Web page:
On June 19, 2011, Swedish explorer Peter Lindberg and his Ocean X Team of marine explorers discovered a truly mysterious object at the bottom of the Baltic Sea, later to be likened to the Millennium Falcon.
Lindberg’s team describes themselves as treasure hunters and salvage operators who specialize in underwater searches for sunken “antique high-end alcoholic beverages and historic artifacts”. They were on a dive search in the Baltic Sea between Sweden and Finland for an old shipwreck when they discovered the strange object, which is now called the Baltic Sea Anomaly. As they were approaching the object, the side-scan sonar they used to detect the shipwreck stopped working. According to Stefan Hogerborn, a professional diver within the Ocean X team, “Anything electric out there, and the satellite phone as well, stopped working when we were above the object, then when we got away about 200 meters, it turned on again.”
According to Ocean X, the anomaly has an appearance of “rough granite” and is round in shape. It is 3 to 4 meters thick and approximately 60 meters in diameter, stands on an 8-meter tall pillar-like feature, and is located at a depth of 85 to 90 meters. It was on their second expedition that the team found something that looks like a staircase and a round black hole which goes directly into the structure. The anomaly is made of metal and is said to be approximately 140,000 years old! Based on that hypothesis, the Baltic Sea Anomaly would have been formed during the Ice Age.
A sample recovered by divers found that the object contained limonite and goethite – metals that Israeli geologist Steve Weine claims could not have been naturally reproduced in this form. A counterargument has been served by Swedish geologists Fredrik Klingberg and Martin Jakobsson that the compositions of the samples are not uncommonly found in sea beds and that they can indeed be formed by nature itself. However, sonar devices found drag marks behind the object, and Weiner says according to his tests, the structure is not a geological formation.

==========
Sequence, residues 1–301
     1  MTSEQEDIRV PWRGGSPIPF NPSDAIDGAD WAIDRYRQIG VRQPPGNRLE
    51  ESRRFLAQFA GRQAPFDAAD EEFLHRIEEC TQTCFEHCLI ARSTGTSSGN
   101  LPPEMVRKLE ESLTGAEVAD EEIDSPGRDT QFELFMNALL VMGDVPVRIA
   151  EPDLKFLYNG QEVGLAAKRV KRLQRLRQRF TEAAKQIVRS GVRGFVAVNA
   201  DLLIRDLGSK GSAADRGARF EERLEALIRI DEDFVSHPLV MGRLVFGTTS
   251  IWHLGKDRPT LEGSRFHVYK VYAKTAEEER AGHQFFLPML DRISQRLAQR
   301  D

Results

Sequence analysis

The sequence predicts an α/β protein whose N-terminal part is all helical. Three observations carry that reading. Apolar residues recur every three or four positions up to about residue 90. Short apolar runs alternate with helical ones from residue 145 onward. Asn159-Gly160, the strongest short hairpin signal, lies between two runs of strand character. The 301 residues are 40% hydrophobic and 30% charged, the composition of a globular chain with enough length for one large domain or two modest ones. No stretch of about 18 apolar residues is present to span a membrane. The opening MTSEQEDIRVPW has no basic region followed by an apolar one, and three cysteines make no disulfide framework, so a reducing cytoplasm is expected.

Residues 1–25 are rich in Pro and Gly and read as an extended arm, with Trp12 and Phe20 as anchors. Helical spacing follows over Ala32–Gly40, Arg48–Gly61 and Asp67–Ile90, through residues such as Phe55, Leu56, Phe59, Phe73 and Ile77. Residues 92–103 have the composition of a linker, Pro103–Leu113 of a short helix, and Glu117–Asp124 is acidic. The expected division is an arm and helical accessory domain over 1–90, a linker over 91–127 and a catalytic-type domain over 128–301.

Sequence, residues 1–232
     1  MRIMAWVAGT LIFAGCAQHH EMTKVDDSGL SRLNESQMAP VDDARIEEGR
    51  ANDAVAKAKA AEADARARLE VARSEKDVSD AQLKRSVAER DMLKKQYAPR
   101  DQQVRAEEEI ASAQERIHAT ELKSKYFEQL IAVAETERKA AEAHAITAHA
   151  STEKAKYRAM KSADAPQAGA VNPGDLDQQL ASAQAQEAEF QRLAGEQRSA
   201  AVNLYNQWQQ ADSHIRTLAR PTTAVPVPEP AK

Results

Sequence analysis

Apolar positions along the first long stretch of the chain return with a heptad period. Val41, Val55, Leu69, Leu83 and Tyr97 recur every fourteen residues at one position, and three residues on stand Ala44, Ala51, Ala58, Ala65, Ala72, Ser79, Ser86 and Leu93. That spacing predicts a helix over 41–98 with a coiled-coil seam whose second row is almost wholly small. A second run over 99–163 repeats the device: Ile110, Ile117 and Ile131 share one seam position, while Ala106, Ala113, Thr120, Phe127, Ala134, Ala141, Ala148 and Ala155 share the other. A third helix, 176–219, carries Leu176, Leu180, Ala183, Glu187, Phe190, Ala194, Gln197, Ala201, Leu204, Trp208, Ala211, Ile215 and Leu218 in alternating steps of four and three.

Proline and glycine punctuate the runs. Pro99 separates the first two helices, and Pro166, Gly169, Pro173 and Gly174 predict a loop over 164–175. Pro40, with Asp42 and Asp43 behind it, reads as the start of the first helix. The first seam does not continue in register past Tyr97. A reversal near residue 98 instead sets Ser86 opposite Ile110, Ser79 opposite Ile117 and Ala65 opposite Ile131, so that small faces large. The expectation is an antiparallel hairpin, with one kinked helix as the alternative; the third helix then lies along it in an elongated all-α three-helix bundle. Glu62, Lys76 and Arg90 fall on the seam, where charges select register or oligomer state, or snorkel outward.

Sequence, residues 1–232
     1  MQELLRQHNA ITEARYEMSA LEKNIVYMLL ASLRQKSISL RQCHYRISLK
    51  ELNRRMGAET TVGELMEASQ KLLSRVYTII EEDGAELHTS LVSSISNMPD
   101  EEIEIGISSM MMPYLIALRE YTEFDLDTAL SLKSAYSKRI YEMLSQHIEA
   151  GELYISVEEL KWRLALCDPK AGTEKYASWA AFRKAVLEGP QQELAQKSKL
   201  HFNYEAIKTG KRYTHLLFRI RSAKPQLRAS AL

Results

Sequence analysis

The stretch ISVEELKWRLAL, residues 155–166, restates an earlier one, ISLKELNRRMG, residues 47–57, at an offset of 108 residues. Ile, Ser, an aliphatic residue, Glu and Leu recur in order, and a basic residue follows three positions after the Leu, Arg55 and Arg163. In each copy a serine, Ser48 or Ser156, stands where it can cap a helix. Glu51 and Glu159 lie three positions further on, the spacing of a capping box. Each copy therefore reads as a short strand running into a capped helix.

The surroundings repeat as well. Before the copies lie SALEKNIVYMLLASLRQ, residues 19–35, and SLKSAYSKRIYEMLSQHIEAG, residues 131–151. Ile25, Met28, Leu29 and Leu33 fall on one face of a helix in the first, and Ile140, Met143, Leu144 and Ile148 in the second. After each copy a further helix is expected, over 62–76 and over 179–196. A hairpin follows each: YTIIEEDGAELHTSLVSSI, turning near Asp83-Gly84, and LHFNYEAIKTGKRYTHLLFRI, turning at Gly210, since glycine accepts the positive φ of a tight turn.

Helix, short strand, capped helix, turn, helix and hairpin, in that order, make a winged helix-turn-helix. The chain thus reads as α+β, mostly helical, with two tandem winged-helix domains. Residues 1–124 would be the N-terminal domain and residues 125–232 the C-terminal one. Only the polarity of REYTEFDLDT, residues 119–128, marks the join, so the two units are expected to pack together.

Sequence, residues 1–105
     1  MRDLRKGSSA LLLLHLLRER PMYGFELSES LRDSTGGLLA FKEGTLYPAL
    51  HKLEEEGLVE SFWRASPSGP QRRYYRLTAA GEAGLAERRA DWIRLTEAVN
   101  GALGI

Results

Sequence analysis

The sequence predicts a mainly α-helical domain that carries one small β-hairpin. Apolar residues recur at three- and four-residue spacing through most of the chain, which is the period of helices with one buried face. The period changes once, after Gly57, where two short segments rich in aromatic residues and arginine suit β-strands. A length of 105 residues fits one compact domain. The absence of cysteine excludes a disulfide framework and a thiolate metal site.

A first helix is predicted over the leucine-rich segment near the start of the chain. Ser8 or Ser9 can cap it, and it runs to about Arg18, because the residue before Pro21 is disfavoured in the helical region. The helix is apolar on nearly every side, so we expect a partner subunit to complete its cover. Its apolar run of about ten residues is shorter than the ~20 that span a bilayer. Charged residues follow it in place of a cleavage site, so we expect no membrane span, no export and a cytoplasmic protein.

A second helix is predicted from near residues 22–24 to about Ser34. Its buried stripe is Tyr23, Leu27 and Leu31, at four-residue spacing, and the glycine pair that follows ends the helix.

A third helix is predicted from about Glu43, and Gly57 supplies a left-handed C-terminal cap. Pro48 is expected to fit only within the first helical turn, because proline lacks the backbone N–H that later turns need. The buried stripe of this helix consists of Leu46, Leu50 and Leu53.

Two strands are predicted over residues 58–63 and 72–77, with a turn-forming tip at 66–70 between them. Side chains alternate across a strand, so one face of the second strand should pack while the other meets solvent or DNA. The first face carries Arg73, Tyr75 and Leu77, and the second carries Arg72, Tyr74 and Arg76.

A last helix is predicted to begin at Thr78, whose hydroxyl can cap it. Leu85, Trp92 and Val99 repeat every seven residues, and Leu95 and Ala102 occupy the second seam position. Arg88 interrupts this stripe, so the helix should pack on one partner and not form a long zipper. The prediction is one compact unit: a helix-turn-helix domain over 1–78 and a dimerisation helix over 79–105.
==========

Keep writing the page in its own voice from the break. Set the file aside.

The stone samples have also been analyzed by associate professor of Geology at Stockholm University, Volker Bruchert, who found that most of the samples were granites, gneisses, and sandstones. He also found a single loose piece of basaltic (volcanic) rock, which is not common to be found on the seafloor, but also not unusual. He claims that these rocks were possibly transported by ice glaciers since the Baltic region is heavily influenced by glacial processes, in which Danish archaeologist Jørgen Dencker also supported this claim.
Some claim the object to be a remnant of a World War II Nazi anti-submarine device and considered that it could also be a damaged gun turret from an old battleship. Another claim was that of Göran Ekberg, marine archaeologist at Maritime Museum in Stockholm, who thinks that it was indeed a geological formation. He conceded that the findings are indeed unusual, especially because of its circular shape, but that nature has produced things that were stranger and far more unusual than the Baltic Sea Anomaly. Other experts say that the formation may be a pillow basalt, a moraine, or the product of a hydrothermal vent. But the most controversial claim about the Baltic Sea Anomaly was that it was of alien technology, perhaps, a part of an alien ship that happened to fall into the Baltic Sea. All of the explanations given by different experts seem to contradict each other, and until now, there has been no new information or test results to explain the Baltic Sea Anomaly. Denis Asberg, a member of the Ocean X team, said that they have contacted geologists and marine biologists, who all said that they had never seen anything like the Baltic Sea Anomaly. This has triggered more tests and analyses to be performed by other experts.
Since there is really no absolute explanation for the Anomaly and how it could have gotten where it is now, this may remain one of the many enigmas of the world that are beyond human knowledge.